Big Kids Living at Home are Spending a Fortune on Luxury Brands

It’s one thing when your 27-year-old is living in their childhood bedroom, but it’s quite another when they’re doing so wearing a Rolex and Golden Goose flats. Historic numbers of young adults still living at home with their parents are…

Griffin Kelly
(Photo credit: Gabrielle Henderson/Unsplash)
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It’s one thing when your 27-year-old is living in their childhood bedroom, but it’s quite another when they’re doing so wearing a Rolex and Golden Goose flats.

Historic numbers of young adults still living at home with their parents are fueling a luxury boom in the US and UK.

‘Rents Pay the Rent

In a development not seen since 1940, today, nearly half of all US and UK adults ages 18-29 are living with their parents, according to census data. Some never left while others are what’s known as “boomerang children.” Most stick with their folks because they want to save money to pursue higher education or wait until the rental and housing market isn’t so cruel. Also, fewer young couples are keen on settling down as marriage and cohabitation rates have dropped from 71% in 1990 to 62% now.

Since more and more working people are relying on mom and dad for daily costs like utilities and groceries, this frees up disposable income for watches, handbags, and jewelry. While ‘rents looking forward to retirement might want their progeny out of the house, Louis Vuitton and Tiffany couldn’t be happier:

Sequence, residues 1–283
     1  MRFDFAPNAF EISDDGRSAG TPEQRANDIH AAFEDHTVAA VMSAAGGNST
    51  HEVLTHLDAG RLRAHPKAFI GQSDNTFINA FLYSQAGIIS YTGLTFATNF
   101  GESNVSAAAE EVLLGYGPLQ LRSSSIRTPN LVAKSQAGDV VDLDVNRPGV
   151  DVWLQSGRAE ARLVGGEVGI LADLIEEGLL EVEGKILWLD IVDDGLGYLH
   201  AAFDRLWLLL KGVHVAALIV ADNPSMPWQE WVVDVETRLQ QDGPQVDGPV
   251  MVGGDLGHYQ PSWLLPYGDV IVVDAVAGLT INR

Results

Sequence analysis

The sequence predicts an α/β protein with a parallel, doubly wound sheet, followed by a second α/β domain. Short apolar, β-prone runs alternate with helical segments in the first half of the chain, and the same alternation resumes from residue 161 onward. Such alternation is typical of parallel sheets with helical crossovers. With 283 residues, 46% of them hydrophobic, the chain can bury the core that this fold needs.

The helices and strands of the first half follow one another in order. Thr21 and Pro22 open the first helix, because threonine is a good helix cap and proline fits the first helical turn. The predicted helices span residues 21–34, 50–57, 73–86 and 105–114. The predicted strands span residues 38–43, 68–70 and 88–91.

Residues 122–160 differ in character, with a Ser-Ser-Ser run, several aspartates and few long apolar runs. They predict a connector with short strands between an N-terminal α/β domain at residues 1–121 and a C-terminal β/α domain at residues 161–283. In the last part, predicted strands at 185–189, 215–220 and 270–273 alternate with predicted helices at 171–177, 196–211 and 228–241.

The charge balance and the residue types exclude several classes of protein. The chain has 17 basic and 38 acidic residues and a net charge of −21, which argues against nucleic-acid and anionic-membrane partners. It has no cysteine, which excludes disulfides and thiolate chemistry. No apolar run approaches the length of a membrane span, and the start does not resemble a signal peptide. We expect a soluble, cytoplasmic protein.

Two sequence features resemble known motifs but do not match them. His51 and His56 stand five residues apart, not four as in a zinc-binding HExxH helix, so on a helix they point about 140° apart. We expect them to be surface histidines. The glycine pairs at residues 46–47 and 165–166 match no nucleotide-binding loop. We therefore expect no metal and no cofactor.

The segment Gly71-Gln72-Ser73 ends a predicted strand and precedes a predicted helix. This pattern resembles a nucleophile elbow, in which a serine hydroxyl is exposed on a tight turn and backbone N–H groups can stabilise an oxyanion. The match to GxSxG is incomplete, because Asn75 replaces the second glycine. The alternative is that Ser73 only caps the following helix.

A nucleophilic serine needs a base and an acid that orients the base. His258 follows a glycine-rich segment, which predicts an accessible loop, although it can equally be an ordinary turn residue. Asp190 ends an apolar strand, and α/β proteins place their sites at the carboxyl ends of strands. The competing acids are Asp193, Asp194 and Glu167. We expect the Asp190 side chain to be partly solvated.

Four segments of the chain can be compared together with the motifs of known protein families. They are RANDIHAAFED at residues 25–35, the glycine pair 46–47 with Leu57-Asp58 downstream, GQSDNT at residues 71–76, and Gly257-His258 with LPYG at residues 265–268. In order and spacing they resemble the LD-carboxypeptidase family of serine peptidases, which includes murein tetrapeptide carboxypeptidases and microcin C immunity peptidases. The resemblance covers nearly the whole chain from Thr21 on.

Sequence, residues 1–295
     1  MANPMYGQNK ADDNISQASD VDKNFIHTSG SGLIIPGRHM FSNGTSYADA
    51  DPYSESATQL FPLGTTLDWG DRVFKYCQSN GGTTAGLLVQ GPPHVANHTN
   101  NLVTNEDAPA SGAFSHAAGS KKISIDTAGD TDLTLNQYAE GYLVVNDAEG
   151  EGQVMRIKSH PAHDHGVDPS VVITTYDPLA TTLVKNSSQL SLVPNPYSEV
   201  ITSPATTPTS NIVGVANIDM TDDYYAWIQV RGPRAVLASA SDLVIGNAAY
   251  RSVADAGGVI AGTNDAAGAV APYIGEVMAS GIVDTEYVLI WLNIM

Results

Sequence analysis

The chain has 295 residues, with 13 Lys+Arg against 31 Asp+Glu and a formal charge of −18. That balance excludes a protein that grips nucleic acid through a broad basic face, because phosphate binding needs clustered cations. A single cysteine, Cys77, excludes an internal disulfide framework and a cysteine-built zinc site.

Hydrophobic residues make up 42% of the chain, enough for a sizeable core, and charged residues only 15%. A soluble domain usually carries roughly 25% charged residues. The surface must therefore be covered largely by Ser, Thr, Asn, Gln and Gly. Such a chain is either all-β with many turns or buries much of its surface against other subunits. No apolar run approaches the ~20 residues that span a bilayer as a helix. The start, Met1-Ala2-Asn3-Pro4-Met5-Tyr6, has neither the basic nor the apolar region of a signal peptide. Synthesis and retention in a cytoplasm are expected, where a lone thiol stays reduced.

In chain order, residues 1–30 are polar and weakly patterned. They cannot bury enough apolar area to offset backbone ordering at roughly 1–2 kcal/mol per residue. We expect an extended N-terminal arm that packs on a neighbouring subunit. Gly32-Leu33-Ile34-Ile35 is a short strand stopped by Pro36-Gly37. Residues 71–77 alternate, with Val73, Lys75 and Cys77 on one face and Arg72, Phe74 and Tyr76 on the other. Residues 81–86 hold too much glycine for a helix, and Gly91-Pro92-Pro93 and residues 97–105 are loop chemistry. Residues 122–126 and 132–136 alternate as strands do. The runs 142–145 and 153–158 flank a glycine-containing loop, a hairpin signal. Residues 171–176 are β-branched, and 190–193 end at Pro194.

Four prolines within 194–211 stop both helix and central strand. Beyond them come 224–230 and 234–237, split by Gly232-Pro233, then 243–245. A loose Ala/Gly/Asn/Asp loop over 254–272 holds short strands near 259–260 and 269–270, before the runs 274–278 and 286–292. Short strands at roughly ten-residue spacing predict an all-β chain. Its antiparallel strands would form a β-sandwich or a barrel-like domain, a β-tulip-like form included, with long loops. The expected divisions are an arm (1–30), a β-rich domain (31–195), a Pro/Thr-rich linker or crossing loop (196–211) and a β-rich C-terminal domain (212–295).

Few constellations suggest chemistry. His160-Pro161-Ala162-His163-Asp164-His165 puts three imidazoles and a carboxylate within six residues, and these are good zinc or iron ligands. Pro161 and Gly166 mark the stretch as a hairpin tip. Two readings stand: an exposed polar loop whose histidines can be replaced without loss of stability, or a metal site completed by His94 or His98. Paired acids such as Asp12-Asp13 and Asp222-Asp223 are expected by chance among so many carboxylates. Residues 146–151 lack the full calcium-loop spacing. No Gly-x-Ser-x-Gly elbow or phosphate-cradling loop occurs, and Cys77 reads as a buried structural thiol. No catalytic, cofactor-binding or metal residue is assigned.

• Like a cartoon hustler who just rolled up their sleeves to reveal multiple wristwatches, the US’ “big kids” have become obsessed with expensive timepieces. Companies like Watches of Switzerland saw US revenue skyrocket to $512 million in its most recent fiscal year, a 44% annual increase.
  • US tourists in Europe are also taking advantage of the strong dollar against the British pound and Euro. Luxury boutiques like Gucci have normally relied on Chinese spending during the holiday season, but during Black Friday, American tourist spending rose more than 40% compared to the same time in 2019. The average transaction amount was $1,313.

Not So Dependent Now: If Gen X is the competent older sibling with a cool record collection and Gen Z somehow got famous for dancing on TikTok, Millennials are the lazy, awkward middle children still sleeping on mom’s couch. Or at least that’s what stereotypes would have you believe. Once they do leave the nest, their champagne taste extends to real estate as well. In 2020, millennials accounted for the largest share of all home buyers in the US at 37%. And not only that, but they were also jumping into the luxury real estate market, purchasing homes worth close to $1 million on average.

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